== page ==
A statement from the Institute of Biology, University of the Philippines Diliman
RECIPE FOR ECOLOGICAL DISASTER: Dengue outbreak and the release of invasive species
According to the Department of Health, an 85% increase in dengue cases nationwide was recorded from January to June 2019 compared to the same period in 2018. The recent outbreak of dengue in the country has given rise to some ill-advised if not desperate measures to curb the spread of the disease. These measures involve the release of thousands of invasive alien species (IAS). IAS are non-native plants, animals, pathogens and other organisms that reproduce and spread fast and which may cause environmental or economic harm or adversely affect human health. According to the International Union for the Conservation of Nature (IUCN 2019), IAS are one of the top causes of biodiversity loss and the second most common cause of species extinctions worldwide.
POTENTIAL FOR DISASTER 1: The release of Mosquitofish (Gambusia affinis)
To address recent outbreaks in dengue, the National Integrated Fisheries Technology Development Center-Bureau of Fisheries and Aquatic Resources (NIFTDC-BFAR) released 6,000 mosquitofish (Gambusia affinis) stocks in Dagupan City, Pangasinan . Many other communities and agencies followed suit.
In 1917, the initial release of mosquitofish as potential predator for mosquito larvae in the Philippine Islands was published in the Philippine Journal of Science (Seale 1917). According to this publication, the mosquitofish was found to be an effective predator of fish larvae in Hawaii. However, it did not study the effectiveness of mosquitofish under Philippine conditions, nor did it weigh on the negative impacts of introducing mosquitofish to Philippine aquatic ecosystems and biodiversity.
Are mosquitofish effective predator of mosquito larvae? The short answer based on many publications to date is NO. The mosquitofish is not the most effective predator of mosquito larvae (Rupp 1996; Pyke 2005; Pyke 2008). It is an opportunistic predator of insects, invertebrates, and plankton. It is also an aggressively competitive fish, killing and injuring smaller fishes and other aquatic vertebrate larvae that overlap with their feeding grounds (Meffe 1985; Pyke 2005). Because of its broad diet and ability to outcompete many fish, invertebrate, vertebrate larvae, the negative impacts of introduced mosquitofish on native fauna is much greater than its intended use as Mosquito control agent (Rupp 1996).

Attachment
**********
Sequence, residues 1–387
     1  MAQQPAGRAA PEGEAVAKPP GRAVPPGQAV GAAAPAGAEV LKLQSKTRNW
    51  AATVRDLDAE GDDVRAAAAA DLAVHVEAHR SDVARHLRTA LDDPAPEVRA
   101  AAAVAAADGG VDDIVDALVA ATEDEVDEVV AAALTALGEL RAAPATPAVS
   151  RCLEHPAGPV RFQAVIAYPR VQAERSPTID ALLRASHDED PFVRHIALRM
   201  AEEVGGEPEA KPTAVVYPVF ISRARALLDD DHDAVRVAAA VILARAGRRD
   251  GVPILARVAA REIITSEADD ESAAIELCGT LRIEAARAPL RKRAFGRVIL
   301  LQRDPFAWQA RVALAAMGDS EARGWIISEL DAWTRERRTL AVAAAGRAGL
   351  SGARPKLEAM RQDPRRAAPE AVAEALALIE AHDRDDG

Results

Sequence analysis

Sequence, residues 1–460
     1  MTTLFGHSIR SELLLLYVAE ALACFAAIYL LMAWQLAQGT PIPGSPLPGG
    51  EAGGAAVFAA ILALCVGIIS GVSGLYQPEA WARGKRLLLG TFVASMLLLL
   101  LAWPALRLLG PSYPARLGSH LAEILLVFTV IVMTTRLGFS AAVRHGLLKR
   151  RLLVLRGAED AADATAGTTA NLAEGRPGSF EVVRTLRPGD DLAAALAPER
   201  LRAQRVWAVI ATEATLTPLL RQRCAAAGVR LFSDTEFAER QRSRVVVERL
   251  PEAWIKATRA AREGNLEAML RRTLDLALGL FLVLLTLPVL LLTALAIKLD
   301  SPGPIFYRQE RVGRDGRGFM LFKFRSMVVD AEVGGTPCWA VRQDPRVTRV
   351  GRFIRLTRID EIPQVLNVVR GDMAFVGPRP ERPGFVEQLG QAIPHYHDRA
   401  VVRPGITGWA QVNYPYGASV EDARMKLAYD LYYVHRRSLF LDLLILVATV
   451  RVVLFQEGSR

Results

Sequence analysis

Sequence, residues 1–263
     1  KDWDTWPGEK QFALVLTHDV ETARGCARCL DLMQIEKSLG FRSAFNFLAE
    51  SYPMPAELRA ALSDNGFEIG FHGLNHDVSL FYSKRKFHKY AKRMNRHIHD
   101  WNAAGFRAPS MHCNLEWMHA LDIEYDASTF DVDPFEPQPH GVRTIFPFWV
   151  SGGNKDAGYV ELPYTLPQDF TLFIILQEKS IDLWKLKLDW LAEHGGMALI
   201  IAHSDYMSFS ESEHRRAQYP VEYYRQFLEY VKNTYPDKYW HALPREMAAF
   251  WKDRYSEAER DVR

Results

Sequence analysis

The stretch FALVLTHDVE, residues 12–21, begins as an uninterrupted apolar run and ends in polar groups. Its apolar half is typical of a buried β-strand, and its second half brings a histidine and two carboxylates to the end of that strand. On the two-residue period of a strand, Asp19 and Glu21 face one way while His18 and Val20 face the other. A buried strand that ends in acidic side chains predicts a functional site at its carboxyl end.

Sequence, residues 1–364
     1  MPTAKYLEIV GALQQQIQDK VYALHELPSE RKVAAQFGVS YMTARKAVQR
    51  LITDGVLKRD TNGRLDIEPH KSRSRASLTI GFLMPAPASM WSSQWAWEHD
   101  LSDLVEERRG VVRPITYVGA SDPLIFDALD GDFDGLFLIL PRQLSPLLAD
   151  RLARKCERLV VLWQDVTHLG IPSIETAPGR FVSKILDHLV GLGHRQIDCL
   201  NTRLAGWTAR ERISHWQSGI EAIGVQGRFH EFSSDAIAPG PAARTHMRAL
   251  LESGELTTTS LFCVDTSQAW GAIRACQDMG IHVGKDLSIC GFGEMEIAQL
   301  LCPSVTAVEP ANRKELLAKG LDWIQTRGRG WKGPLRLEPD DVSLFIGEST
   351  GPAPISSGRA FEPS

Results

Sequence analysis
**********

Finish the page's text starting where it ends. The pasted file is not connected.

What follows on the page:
To date, the mosquitofish is counted as one of the 100 worst invasive species globally (Polverino et al. 2013). It is known to alter ecosystems (Hurlbert et al. 1972) and are implicated in the decline of fish species and more than 10 species of frogs in Australia (Gomon and Bray 2019). It also affected larval survival of the endangered Fire Salamander Salamandra infraimmaculata in Northern Israel (Segev et al. 2009). They compete and prey on the larvae of native fish species (Lydeard and Belk 1993; Laha and Mattingly 2007). Other exotic fishes introduced to the Philippines for mosquito control such as the guppy species Poecilia reticulata, P. latipinna, and P. sphenops have similar adverse effects on the environment (El-Sabaawi et al. 2016; Servick 2017).
Given the many scientific evidence on the negative ecological impacts of introducing mosquitofish in aquatic systems, the practice must be stopped. As early as 1996 and 2016, scientists have called for the stop in the release of mosquitofish to control mosquitoes (Rupp 1996; Servick 2016). Government agencies and concerned public must heed these calls and prevent further ecological disasters. In addition, research must be done to monitor and assess the impacts of introduced mosquitofish and other introduced fish species on Philippine aquatic systems and biodiversity in order to (1) inform the public, and (2) help concerned government agencies craft effective and environmentally sound policies to stop dengue and other mosquito-related disease outbreaks (Guerrero 2014).
POTENTIAL FOR DISASTER 2: The release of Cane Toads (Rhinella marina)
Another government-sponsored move to curb dengue was the release of at least a thousand cane toads (Rhinella marina) in Barangay Matandang Balara in Quezon City. The cane toad, locally called baki, kamprag, or bullfrog, is likewise one of the 100 worst invasive species worldwide according to the IUCN Invasive Species Specialist Group (Global Invasive Species Database, 2019). Cane toads are poisonous in all its life stages; from egg, tadpole, froglet to adult. It preys on and outcompetes native amphibians and reptiles for food and breeding sites and also causes declines in local predators such as snakes and lizards that are not adapted to the bufotoxin it secretes (Hilgris, 2001). It can cause illness and death in domestic animals like dogs and cats that come into contact with it. Human fatalities have even been recorded following ingestion of the eggs or adults (Invasive Species Specialist Group, 2006).